PORTLAND, Ore. — There are many perks when it comes to living in Portland. Many will argue access to housing is not one of them. People in city government are well aware of that.
"Newer homes are larger, more expensive and out of reach of most Portlanders," said Morgan Tracy, project manager for the Residential Infill Project, or RIP for short.
The first phase of the project came to fruition in August 2020 when Portland City Council passed an ordinance allowing for more middle housing in the Rose City's residential neighborhoods.
"RIP1 looked at opening up what were formally exclusively single-dwelling zones and allowing things like duplexes, triplexes and fourplexes while also controlling the size of those structures," Tracy said.
Just last week, city commissioners signed off on RIP2. This allows developers to build even higher-density housing in single-dwelling zones in Portland. This includes multi-family units in a single structure, townhomes and cottage clusters.
"Cottage clusters are multiple detached, smaller units built around or oriented toward a common green space," Tracy said.
This translates to more housing and home ownership opportunities for more people. Portland Mayor Ted Wheeler calls it the exact right strategy to pursue as a community.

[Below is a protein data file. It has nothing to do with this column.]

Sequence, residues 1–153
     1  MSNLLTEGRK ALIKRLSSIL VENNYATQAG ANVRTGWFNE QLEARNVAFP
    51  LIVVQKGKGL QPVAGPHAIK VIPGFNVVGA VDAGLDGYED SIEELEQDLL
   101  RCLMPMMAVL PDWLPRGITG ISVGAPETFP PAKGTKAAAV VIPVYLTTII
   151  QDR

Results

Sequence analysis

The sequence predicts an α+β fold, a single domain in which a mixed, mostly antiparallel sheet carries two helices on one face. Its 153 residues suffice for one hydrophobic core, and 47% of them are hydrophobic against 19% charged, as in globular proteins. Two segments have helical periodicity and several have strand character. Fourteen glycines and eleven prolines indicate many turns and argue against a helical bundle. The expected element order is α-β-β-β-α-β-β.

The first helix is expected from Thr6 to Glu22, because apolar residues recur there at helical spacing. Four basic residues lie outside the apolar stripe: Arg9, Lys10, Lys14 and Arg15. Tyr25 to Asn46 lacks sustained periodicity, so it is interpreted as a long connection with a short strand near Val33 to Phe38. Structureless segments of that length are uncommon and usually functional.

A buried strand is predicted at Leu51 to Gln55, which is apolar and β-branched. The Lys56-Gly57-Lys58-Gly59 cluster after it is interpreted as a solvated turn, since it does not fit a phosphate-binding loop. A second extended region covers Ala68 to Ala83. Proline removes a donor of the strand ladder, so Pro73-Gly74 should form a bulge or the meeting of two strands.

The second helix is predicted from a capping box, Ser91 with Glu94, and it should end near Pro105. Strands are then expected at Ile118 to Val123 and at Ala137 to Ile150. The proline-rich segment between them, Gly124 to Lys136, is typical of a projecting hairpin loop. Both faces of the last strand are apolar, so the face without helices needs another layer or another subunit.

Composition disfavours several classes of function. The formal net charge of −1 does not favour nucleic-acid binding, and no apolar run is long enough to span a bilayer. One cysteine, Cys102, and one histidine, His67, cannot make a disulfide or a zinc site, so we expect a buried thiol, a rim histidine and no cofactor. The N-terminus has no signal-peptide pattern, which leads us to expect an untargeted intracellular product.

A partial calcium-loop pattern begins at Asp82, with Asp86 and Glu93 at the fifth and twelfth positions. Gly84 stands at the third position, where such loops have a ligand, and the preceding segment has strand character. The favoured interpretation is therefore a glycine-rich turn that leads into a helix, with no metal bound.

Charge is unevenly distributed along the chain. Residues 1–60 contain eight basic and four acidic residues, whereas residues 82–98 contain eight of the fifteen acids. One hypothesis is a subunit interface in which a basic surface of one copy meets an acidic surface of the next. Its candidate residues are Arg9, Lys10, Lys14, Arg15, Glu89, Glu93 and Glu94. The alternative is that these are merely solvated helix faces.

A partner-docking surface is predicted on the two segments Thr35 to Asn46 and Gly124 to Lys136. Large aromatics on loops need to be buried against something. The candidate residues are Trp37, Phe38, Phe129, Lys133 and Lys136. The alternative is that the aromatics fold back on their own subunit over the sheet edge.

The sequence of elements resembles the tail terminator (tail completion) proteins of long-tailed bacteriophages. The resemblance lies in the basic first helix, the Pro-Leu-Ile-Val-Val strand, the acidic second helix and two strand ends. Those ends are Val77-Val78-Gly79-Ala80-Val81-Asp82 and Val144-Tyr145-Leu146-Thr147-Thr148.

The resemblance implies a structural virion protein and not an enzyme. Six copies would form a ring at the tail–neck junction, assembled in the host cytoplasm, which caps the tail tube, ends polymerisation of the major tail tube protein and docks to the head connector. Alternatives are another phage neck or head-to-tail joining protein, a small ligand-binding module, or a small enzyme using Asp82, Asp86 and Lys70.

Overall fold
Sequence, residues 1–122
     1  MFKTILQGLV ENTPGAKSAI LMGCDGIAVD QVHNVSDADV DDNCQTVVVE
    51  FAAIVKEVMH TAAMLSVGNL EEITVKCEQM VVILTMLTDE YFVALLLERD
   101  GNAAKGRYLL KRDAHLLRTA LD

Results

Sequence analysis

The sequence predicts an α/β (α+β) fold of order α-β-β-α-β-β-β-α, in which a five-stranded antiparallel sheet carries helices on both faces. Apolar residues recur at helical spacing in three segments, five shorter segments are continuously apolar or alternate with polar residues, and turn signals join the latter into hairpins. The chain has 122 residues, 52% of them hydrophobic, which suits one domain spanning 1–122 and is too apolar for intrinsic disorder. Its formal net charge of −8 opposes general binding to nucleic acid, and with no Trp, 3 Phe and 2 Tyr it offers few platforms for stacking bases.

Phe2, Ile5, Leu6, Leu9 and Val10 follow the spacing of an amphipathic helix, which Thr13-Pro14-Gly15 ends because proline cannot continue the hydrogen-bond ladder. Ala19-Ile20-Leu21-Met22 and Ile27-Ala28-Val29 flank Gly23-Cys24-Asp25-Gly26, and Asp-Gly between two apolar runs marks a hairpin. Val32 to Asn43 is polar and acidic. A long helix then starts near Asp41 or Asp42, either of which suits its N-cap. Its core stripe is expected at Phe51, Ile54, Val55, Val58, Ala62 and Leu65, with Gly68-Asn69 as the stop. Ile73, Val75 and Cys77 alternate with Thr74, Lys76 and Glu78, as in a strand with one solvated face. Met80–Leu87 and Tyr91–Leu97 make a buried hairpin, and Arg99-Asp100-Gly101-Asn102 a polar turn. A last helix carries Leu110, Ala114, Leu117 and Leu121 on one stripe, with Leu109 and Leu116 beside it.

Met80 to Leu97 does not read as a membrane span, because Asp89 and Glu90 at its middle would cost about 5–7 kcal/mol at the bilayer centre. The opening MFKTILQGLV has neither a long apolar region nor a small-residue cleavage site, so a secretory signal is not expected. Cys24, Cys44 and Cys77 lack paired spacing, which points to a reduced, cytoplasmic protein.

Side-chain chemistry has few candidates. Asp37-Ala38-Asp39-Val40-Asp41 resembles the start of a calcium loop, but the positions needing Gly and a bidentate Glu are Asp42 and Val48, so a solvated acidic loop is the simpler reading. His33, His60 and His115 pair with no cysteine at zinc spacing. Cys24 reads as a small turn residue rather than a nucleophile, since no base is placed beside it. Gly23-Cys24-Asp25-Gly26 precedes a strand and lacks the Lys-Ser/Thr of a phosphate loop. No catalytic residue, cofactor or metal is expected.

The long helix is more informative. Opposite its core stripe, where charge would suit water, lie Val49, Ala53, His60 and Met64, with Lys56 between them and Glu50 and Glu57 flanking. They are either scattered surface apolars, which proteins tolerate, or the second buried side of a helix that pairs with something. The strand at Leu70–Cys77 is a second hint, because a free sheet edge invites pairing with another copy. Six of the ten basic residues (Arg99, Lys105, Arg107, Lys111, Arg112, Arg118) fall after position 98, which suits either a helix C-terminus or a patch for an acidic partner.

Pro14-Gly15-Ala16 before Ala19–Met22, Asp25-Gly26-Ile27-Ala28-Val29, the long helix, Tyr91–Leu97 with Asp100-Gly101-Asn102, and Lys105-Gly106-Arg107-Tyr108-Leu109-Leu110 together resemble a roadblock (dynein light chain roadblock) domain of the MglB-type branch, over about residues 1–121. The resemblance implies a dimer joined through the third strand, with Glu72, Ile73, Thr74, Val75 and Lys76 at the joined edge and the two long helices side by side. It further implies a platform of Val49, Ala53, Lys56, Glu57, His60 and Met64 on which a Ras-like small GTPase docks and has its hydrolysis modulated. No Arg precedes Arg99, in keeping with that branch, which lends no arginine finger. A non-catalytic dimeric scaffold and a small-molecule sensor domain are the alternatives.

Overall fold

"At first blush, this can look like dry land use policy, but it'll actually shape the direction, the physical direction of this city for decades to come," Wheeler said.
There will be critics who say high-density housing in areas zoned for single-family homes is not the answer to our housing crisis. Tracy encourages those critics to pause before passing judgement.
"It'll happen incrementally and over time. It won't be a wave of instant change," he said. "It'll happen as those sites become available."
The emergency ordinance goes into effect July 1.
The city's Bureau of Development Services is hosting a RIP2 Lunch and Learn presentation June 16 to further explain the code changes.